A team from the University of Southern Mississippi has developed a form of camouflage face makeup that not only prevents soldiers from being seen by the enemy, but also shields their faces from the searing heat of bomb blasts. The innovation represents one of the biggest fundamental changes in military camouflage for thousands of years. However the new make-up won’t just be for military purposes – the scientists who developed it think that the heat-resistant face paint could also help firefighters.
The silicone-based camouflage was presented by Robert Lochhead, Ph.D. at the 244th National Meeting & Exposition of the American Chemical Society – the world’s largest scientific society. He explained that while soldiers have used face paint for centuries to help their skin blend in with the natural environment, the wars in Iraq and Afghanistan have raised the need to protect troops from roadside bombs. The new make-up will provide protection from the searing heat of roadside bomb blasts that have caused devastating injuries to soldiers.
“The detonation of a roadside bomb or any other powerful explosive produces two dangerous blasts,” Lochhead said. “First comes a blast wave of high pressure that spreads out at supersonic speeds and can cause devastating internal injuries. A thermal blast follows almost instantaneously. It is a wave of heat that exceeds 1,112 degrees Fahrenheit. That’s as hot as a burning cigarette. The thermal blast lasts only two seconds, but it can literally cook the face, hands and other exposed skin.”
The U.S. Department of Defense has actively been looking for a solution that was previously thought to be impossible – material that soldiers could smear on their faces like suntan lotion, leaving a coating thinner than a sheet of paper that can still protect against intense heat.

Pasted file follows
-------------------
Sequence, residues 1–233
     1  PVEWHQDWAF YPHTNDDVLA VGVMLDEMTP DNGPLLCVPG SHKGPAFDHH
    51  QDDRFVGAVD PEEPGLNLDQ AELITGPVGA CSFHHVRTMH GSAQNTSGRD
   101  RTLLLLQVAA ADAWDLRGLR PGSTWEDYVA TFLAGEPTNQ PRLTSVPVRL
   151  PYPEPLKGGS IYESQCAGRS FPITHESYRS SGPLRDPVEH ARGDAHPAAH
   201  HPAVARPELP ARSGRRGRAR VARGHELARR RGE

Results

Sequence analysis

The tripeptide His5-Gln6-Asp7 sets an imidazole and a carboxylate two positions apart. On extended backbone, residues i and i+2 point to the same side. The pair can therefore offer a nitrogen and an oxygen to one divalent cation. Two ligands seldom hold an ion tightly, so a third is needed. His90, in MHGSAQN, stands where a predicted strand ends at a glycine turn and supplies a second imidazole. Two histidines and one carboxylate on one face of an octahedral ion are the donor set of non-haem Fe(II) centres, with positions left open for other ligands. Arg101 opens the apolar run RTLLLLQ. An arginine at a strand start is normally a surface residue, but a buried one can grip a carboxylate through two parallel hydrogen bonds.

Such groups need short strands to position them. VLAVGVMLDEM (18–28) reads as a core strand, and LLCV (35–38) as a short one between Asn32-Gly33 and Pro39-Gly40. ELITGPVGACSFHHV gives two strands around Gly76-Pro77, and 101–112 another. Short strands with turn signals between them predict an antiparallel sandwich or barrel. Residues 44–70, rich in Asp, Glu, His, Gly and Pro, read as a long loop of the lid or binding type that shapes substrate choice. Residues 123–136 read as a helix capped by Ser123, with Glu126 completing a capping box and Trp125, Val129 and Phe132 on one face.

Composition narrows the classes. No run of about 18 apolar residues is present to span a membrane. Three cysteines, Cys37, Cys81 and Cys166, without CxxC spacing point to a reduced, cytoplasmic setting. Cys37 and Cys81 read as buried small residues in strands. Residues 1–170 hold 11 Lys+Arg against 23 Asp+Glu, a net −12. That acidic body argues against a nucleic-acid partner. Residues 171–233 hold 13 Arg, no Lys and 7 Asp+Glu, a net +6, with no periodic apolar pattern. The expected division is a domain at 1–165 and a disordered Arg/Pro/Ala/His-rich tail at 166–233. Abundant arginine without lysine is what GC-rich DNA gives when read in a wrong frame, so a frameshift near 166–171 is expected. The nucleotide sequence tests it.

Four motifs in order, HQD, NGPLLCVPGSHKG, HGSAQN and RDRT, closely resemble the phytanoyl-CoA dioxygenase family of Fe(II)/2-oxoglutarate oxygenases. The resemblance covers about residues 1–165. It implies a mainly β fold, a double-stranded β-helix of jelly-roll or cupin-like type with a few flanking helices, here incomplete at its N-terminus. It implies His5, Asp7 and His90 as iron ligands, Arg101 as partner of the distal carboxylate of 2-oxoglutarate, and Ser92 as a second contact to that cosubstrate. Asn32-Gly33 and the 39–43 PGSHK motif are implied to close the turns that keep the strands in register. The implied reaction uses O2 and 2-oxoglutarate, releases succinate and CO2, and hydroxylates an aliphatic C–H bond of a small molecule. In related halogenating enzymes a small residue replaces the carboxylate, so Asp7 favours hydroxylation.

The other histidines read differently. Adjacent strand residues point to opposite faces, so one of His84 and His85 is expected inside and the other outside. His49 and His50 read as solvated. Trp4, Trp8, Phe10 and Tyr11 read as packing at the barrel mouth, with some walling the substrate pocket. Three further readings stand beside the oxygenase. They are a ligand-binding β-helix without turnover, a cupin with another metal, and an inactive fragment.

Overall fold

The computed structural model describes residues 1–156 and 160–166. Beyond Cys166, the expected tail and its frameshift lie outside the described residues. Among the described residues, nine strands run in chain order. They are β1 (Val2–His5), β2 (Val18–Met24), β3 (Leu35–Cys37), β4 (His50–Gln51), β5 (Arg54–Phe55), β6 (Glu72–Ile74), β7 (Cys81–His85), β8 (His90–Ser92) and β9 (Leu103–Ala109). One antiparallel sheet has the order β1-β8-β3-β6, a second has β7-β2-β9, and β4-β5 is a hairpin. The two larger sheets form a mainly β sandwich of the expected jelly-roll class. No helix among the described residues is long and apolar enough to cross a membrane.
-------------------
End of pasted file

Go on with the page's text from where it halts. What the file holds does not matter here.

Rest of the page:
The University of Mississippi team includes Dr. Paige Buchanan, Kelli Booth, Michelle McClusky, Laura Anderson and Lochhead. They discovered and tested a formulation that protects way beyond the 2-second heat-wave threat from improvised explosive devices and other bombs. Instead of two seconds, the new make-up can protect for up to 15 seconds before its own temperature rises to the point where a first-degree burn, which is a mild burn, might occur.
While the university team have met the multiple criteria (reflect intense heat; have camouflage colors suitable for day and night use, be easy to apply and remove, be waterproof and be non-irritating to the eyes, nose and mouth), they have also gone one step further and added DEET, an insect repellent.
“DEET also is flammable, so when the Department of Defense asked us to incorporate it, we didn’t think we could do it,” Lochhead noted. But the team successfully included DEET by encapsulating it in a hydrogel substance, a water-rich material that prevents DEET from catching fire. The team is now working on a transparent version for firefighters.
Via Associated Press